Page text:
South Korea, on the Korean Peninsula, is one of Asia’s most technically advanced countries, yet it’s moving at a snail’s pace on LGBT issues. Many younger South Koreans describe the Korean Peninsula as “tiger-shaped” because the symbol represents its aggressive modern economy. Older generations of Koreans think of the peninsula as “rabbit-shaped,” a nod to its traditional, yet diminishing agricultural economy. South Korea is known for its hilly areas, dense forests, cherry trees, centuries-old Buddhist temples, coastal fishing villages, and subtropical islands. Seoul, South Korea’s capital, is a high-tech city where nearly 10 million people live. Although South Korea is a popular tourist destination, its social evolution toward LGBT equality lags behind other technically advanced nations.

Each year, nearly 12 million people visit South Korea. Its network of buses, trains, ferries, and domestic air carriers allow tourists to visit any part of South Korea within a day’s round-trip travel from any major South Korean city. Seoul is the most popular city to visit because of its many museums, historical landmarks, and art galleries. Seoul is also considered the most wired city because it has the world’s fastest average internet connection time. It also has several streetside markets filled with vendors selling everything from clothes to knickknacks. Within these markets are also culinary grills, selling everything from hotdogs to odeng (fish cakes) to sundae (blood sausage). Galbi, a popular food among foreigners because of its special marinated barbecue, is also found with many of the food vendors. Soeul is also where Asia’s largest underground mall is located. Unfortunately, however, Seoul is located in one of the most dangerous places in the world, just 35 miles south of North Korea’s border, a country technically still at war with South Korea.

Although South Korea is a great place to visit, its discrimination toward the LGBT community cannot be ignored. There are no anti-discrimination laws in employment or anti-discrimination laws in providing goods or services. Marriage or any form of unions is not available for same-sex couples. Although an increased public awareness campaign covering LGBT issues has pushed the LGBT equality debate, the speed at which public opinion will shift to support the LGBT community is discouraging because South Korea is built on cultural traditions.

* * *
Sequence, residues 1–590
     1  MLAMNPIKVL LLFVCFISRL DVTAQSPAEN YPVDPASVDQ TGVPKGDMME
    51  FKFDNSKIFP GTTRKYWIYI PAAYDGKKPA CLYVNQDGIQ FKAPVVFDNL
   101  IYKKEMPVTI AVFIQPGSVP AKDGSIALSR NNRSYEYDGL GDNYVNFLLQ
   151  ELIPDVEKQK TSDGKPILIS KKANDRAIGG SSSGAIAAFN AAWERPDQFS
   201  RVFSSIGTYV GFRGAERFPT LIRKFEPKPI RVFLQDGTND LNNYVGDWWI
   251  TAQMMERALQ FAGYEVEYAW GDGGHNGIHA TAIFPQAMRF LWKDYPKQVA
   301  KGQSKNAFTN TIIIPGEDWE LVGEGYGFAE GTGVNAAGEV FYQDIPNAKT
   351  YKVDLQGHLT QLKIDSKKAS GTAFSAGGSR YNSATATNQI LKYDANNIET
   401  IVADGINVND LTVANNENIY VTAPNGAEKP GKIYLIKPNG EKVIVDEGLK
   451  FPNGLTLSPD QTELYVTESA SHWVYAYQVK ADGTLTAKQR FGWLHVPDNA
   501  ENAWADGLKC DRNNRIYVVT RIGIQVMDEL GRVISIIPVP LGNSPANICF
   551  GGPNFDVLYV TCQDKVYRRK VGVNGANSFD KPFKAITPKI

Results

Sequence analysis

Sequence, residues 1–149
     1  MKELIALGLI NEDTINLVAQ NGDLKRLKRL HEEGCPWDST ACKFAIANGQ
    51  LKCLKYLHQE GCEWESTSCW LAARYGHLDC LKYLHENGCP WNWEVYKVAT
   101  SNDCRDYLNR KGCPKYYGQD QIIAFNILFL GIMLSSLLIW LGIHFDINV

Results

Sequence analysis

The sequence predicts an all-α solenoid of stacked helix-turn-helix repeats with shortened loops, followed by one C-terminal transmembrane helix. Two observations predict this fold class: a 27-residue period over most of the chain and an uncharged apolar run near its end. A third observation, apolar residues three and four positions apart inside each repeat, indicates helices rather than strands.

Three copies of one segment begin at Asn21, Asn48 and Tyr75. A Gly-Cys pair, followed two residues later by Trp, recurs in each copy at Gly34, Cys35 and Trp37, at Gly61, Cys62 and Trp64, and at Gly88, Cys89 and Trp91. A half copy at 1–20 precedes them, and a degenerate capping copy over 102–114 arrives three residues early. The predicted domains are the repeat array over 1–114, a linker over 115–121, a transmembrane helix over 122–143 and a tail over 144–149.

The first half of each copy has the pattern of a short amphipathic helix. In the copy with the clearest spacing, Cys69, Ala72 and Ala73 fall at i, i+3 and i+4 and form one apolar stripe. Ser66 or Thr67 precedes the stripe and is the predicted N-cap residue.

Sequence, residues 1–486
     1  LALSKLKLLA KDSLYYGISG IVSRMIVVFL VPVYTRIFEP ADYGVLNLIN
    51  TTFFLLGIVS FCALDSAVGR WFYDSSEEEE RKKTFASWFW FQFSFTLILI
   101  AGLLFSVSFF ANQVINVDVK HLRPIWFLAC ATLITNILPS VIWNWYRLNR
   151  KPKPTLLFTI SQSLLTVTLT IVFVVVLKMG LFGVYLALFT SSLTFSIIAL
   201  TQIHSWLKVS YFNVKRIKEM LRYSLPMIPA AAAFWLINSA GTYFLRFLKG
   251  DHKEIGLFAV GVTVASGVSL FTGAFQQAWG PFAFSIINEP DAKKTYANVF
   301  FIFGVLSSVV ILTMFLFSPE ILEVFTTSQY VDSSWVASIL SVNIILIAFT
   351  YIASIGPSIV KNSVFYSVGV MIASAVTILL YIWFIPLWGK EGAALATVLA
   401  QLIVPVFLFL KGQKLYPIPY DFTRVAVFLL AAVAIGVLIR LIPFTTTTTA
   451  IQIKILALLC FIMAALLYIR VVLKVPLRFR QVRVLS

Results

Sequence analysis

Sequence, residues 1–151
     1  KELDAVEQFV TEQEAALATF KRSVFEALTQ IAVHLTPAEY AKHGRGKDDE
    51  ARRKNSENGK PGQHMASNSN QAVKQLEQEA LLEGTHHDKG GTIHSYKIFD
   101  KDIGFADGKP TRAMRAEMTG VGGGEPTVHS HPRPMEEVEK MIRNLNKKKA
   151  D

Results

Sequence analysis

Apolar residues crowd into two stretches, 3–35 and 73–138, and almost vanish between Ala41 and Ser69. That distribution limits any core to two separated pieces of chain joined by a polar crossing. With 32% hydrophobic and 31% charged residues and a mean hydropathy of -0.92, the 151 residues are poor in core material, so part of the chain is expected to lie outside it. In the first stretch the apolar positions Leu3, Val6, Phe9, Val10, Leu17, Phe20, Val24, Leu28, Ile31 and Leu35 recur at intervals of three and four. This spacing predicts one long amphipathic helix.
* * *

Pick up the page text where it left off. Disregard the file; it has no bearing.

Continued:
This year, the LGBT community won a small, but very important battle. In August, the South Korea’s Supreme Court ordered the government to allow “Beyond the Rainbow,” an LGBT rights foundation, to register as a charity, ending a long three-year rejection from multiple government agencies. “Beyond the Rainbow” raises funds to support the LGBT community in South Korea. It also documents discrimination against LGBT people, advocates for their rights, and promotes laws that make life safer for the LGBT community and their families. If the South Korean government was successful is stopping “Beyond the Rainbow” from registering as a charity, it would have curtailed the group’s ability to receive tax-deductible donations and operate within the law. (For more information about Beyond the Rainbow contact the group at

The LGBT community does have places to gather. Itaewon, also known as “Homo Hill,” is the epicenter of Seoul’s gay nightlife. “Why Not?” is a small gay bar that offers a friendly environment. It is a favorite place for people to meet before they go dancing. “Queen” is a great gay bar to just crowd watch or mingle with the locals. “Q-Bar” is a new gay bar that has three areas, including a lounge and a VIP area. It offers a professional environment, so people can network and have small talk. “Prost Pub & Grill” is a restaurant and bar that caters to the LGBT community. It offers a relaxing atmosphere and is a great place to eat Italian food and meet for drinks. “Warehouse” is a gay bar that is known for its music diversity and friendly environment. “Always Homme” is a very popular gay bar for foreigners and locals, but the drink prices can be expensive. “Lollipop” is a new gay bar that offers great drag shows and other fun entertainment. “Almaz” is a stylish gay lounge with a really cool bright red interior. “Oz” is a very small gay bar with a neighborhood bar feel. “Barcode” is a gay bar that has a lot of English-speaking staff. It is popular with foreigners, especially people from the US. It has a younger crowd, mostly 20 or 30 somethings.

So if you visit South Korea, there are places for the LGBT community, just no protections from discrimination.

Author Profile

David Placher
David Placher
David Placher is a writer, photographer, and world traveler. His passion for adventure and storytelling has taken him to several famous (and not so famous) cities, where he captures a glimpse of each city’s culture and history, with a focus on the LGBTQIA community. He is always searching for cheap fare flight tickets and inexpensive hotel bookings, so his stories sometimes include cost saving tips. When he is not traveling, he is drafting technology contracts for a living. He can be reached at